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Team to Develop Standards for Testing RFID in Health Care
AIM Global, MET Labs and Georgia Tech will develop testing protocols for detecting electromagnetic interference caused by RFID transmissions, and for determining the effects of such interference on medical devices.
Jun 02, 2009—AIM Global, in collaboration with the Georgia Tech Research Institute (GTRI) and MET Laboratories, will begin developing testing protocols for RFID technology in the health-care setting, as well as the effects RFID may have on implantable medical devices. If all goes as planned, says AIM Global's president, Dan Mullen, the testing guidelines to be developed by the group will be presented to the U.S. Food and Drug Administration (FDA) for approval by December of this year. The group signed an agreement last week, and intends to commence the project immediately.
The project, known as the AIM Global Healthcare Initiative, is being overseen by AIM Global's RFID Experts Group (REG), which includes representatives from 40 organizations with experts in RFID technology, in the United States, Europe and Asia. These include MET Labs, GTRI, GS1, Avery Dennison and Feig Electronic. MET Labs, GTRI and AIM Global will determine specific guidelines to test for electromagnetic interference (EMI) that could result from RFID transmissions, as well as how they may affect the function of medical devices. The resulting protocols, Mullen says, would provide RFID vendors and medical device manufacturers with a comprehensive guide for testing the RFID technology they may be introducing into a hospital or other health-care environment.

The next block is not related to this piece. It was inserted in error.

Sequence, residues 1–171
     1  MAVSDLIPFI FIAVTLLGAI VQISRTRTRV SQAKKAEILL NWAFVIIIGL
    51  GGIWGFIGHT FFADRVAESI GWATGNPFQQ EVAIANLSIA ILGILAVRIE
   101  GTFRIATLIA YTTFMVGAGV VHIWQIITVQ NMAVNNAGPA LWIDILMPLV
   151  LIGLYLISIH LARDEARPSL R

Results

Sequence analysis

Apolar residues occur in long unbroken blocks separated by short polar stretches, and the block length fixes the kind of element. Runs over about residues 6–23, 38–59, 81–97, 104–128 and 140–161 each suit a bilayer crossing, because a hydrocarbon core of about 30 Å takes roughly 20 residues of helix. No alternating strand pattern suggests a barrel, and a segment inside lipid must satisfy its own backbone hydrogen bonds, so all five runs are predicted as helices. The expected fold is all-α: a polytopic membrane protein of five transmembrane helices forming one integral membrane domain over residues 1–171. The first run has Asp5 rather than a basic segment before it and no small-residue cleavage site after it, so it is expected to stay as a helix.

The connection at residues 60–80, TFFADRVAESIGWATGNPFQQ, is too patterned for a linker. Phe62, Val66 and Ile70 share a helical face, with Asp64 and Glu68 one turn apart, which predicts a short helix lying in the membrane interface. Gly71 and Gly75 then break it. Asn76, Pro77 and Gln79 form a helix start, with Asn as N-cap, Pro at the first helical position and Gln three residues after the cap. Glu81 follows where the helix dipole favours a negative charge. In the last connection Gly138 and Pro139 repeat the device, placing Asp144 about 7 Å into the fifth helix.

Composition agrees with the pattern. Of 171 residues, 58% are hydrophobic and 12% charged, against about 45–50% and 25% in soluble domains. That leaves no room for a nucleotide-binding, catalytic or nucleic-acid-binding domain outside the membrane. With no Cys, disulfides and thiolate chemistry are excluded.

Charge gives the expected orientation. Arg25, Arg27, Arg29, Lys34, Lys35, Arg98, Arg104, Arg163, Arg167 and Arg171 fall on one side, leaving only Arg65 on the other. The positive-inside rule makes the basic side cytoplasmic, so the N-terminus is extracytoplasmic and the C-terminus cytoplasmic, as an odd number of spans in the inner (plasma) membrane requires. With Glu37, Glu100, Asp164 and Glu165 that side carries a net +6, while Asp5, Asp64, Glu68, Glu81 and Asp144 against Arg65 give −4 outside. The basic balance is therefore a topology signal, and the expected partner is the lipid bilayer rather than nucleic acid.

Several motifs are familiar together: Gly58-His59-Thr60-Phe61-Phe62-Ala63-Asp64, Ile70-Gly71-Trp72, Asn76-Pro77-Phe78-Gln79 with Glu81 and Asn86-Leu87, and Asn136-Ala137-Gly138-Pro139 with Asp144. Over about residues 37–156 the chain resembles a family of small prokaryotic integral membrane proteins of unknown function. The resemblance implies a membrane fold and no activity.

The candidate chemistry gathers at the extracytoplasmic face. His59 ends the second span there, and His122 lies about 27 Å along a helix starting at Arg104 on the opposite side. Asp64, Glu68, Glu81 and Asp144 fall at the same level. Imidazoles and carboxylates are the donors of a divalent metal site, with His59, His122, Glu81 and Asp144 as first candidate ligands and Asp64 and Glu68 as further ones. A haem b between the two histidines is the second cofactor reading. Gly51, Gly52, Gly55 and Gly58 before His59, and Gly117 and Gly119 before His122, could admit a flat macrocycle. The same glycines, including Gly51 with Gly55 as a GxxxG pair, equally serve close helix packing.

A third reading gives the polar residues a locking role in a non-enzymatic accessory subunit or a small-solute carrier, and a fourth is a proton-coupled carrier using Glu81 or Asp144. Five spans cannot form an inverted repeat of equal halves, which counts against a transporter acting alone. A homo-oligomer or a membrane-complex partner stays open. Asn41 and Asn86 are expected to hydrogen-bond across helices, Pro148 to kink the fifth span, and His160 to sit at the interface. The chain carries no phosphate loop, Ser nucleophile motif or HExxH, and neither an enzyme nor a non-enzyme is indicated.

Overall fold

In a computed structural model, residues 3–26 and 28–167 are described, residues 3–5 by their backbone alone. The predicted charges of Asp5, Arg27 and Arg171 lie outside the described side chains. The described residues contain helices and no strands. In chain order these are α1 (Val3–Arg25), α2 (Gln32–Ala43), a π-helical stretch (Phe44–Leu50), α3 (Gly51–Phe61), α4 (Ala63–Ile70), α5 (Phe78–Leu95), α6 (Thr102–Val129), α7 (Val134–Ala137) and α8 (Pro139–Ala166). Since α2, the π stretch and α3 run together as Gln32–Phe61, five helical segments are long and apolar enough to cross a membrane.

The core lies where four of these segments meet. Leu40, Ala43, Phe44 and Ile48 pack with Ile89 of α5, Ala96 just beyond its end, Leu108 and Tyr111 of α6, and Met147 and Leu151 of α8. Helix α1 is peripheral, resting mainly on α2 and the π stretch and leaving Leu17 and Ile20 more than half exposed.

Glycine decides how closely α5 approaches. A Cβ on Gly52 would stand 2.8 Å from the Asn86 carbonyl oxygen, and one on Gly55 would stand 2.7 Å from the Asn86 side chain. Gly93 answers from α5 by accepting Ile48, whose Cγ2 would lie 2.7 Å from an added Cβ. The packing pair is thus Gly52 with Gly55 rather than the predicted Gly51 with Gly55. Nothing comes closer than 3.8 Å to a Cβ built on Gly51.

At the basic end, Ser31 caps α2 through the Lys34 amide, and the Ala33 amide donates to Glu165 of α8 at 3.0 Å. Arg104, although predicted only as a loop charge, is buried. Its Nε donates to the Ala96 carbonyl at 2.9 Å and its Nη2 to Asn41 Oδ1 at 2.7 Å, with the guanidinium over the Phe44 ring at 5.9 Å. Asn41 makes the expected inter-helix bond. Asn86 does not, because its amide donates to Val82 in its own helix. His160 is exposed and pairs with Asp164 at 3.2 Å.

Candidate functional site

New RFID Study Finds No Interference With Medical Devices and UCLA Group Offers Interference-Testing Service for Medical Devices). In 2008, the Journal of the American Medical Association published a Dutch study suggesting the possibility that RFID might pose an interference risk in health-care facilities (see Researchers Warn RFID May Disrupt Medical Equipment and Dutch RFID Interference Study Is a Worst-Case Test).
There are no formal guidelines, however, regarding testing for RFID interference with medical devices. That, Mullen says, is due to the fact that radio frequency identification is still a fairly recent inclusion in the health-care environment. But increasingly, hospitals are employing RFID devices to track patients, assets and staff members. In addition, there is little research to provide details as to how RFID in public places—libraries and retail locations, for instance—could affect the operation of medical implants, such as cardiac pacemakers.
To address the growing need for RFID emission testing standards, the REG first established a committee in 2008, seeking partners to work with AIM Global to develop the protocols. As a result, both GTRI and MET Labs have agreed to participate in the research, as well as provide their labs as sites at which to conduct testing, and to serve as simulated clinical health-care environments.
MET Labs, an independent third-party testing laboratory, had already been undertaking safety testing for electronic medical devices, says Ted Osinski, the organization's director of RFID systems. Approximately five years ago, MET Labs began providing RFID testing for nonprofit standards organization EPCglobal. Since that time, he notes, medical device manufacturers have been asking, 'Can you tell us the impact of RFID?'
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